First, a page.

Who were the Apaches? As I’ve talked about in the past, if your idea of the indigenous peoples of the Americas is based upon movies and television then it’s most likely not accurate. If you do a quick google search on movies about the Apaches, you’ll find at least 24. Shoot, there have been numerous white actors who have portrayed Apaches such as Burt Lancaster in the movie “Apache”. The reality is often quite different than what has been portrayed, because honestly Hollywood didn’t really care to get it right. This was especially true in the 50s, 60s, and 70s. So who really were the Apache?

    They are part of the southern branch of the Athabascan group. That group encompasses a very large family of people, and  whose languages are found in Alaska, western Canada, and the American Southwest. Several branches lived in a region that went from the Arkansas River to Northern Mexico and from Central Texas to Central Arizona. Mostly they were divided into Eastern and Western, with the Rio Grande serving as the dividing line.

    There are two groups, the Lipans and the Mezcaleros, that lived partially or entirely within the borders of Texas. The Apaches were known by multiple names. As a nomadic people, it is likely that several names were actually identifying the same band.  Some of the Apache bands in Texas were Limita, Conejero, and Trementina. However, only the Lipan and Mescalero names survived into the nineteenth century.  Most likely the name we know and use, Apache, came from the Zuñi word apachu, meaning "enemy," or possibly Awa'tehe, the Ute name for Apaches. When they referred to themselves the words they used are Inde or Diné, which simply means  "the people."

    Apaches migrated into the Southwest sometime between A.D. 1000 and 1400. Separated from their northern bands, they created  a home for themselves in the Southwest. They seemed to have migrated south along the eastern side of the Rocky Mountains, then spread west into what is now the states of New Mexico and Arizona. Once the Comanche began moving into the same area, they had to relocate further south and west.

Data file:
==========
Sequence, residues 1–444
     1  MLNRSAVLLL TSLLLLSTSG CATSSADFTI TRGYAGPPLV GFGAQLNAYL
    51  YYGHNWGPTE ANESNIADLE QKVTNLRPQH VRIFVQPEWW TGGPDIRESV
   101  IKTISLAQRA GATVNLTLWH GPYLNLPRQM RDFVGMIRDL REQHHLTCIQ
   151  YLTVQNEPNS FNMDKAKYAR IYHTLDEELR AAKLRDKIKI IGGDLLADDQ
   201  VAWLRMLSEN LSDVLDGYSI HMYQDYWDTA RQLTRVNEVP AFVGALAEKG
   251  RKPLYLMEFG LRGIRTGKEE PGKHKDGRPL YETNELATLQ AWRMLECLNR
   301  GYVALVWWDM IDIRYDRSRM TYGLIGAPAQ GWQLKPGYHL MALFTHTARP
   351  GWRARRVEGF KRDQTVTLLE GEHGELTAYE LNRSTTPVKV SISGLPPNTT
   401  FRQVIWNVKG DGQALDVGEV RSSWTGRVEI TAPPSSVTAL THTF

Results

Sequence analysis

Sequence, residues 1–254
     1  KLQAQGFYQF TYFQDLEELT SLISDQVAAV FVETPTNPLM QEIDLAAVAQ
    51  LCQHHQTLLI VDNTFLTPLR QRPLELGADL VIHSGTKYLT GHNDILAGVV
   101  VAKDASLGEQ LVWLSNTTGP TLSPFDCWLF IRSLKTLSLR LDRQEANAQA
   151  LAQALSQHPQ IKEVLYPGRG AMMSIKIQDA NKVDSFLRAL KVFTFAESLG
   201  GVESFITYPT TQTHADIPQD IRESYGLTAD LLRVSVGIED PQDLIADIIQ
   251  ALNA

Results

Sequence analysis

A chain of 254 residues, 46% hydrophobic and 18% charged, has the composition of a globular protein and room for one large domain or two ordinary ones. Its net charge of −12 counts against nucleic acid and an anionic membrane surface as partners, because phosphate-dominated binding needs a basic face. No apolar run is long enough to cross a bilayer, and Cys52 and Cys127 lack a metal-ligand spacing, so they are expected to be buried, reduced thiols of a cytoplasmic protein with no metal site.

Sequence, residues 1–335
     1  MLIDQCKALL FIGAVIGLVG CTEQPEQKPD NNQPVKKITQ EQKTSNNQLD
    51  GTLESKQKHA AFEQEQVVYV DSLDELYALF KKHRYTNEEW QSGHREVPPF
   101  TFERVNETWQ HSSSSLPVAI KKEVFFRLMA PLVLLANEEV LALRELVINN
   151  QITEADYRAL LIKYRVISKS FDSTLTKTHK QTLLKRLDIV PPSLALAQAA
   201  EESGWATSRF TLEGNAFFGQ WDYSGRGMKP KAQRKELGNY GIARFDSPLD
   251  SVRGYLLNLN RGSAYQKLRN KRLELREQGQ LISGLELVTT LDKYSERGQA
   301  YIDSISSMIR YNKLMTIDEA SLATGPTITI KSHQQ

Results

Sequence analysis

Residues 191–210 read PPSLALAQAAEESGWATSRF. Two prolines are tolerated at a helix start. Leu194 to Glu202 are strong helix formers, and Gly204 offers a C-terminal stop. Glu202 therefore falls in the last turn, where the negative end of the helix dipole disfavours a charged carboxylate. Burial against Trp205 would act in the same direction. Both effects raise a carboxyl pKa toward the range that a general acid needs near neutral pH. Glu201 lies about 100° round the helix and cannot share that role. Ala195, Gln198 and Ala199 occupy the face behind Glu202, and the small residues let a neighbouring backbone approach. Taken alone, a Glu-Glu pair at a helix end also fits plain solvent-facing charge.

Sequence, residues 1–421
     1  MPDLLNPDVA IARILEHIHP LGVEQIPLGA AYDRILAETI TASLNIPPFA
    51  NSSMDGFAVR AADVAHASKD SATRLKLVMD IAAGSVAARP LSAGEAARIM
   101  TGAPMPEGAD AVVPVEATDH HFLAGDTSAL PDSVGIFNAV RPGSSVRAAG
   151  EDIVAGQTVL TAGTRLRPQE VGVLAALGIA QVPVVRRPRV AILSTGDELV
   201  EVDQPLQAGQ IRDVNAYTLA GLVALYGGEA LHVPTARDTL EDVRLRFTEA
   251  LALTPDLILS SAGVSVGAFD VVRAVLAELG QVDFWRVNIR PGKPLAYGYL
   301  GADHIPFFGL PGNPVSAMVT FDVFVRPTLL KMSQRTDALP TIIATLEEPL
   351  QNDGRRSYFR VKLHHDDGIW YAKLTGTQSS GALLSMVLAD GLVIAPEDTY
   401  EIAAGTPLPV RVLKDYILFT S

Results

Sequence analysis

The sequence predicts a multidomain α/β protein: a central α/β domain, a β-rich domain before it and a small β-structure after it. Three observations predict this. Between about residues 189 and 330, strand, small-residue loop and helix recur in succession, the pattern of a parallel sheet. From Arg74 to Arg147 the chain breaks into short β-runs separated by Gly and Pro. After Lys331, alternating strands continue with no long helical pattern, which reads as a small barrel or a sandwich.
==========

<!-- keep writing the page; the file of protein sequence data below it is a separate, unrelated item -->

Both the Lipan and Mescalero Apaches social unit was the extended family. Several families would usually stay together, and the leader was their most prominent member. This individual acted as chief advisor and director of group affairs.  Several groups would live close to one another, so they were able to come together for both defense, offense, and the occasional social or ceremonial occasions.

    The Lipan Apache apparently had no formal organization larger than the band. While being flexible for the immediate members, this type of  loose organization did cause issues when it came to establishing relations with the Spanish, and later with the Mexicans, Texans, and Americans. For example while one band might make peace with its enemies, another was free to remain at war with the same group. The band leaders were males; however, females held a central place within the tribe. Once married, the groom would move in and live with his wife's family. He was also required to hunt and work with his in-laws. If the wife should die, the husband was required to stay with her family,  and most of the time they would furnish him with a new bride. In contrast, the wife had little to no  obligation to the husband's family. However, if he died, his family could provide a cousin or brother for her to marry. Men were allowed to marry more than one woman, but few besides wealthy or prestigious leaders did so. Now since they were required to live with their wife’s family, that meant that any other wife would have to be either a sister or cousin of their current wife.

    As a nomadic people who subsisted almost entirely on th...

    • 17 min
    Episode 36 The Comanche strong warriors with fine horses

    Episode 36 The Comanche strong warriors with fine horses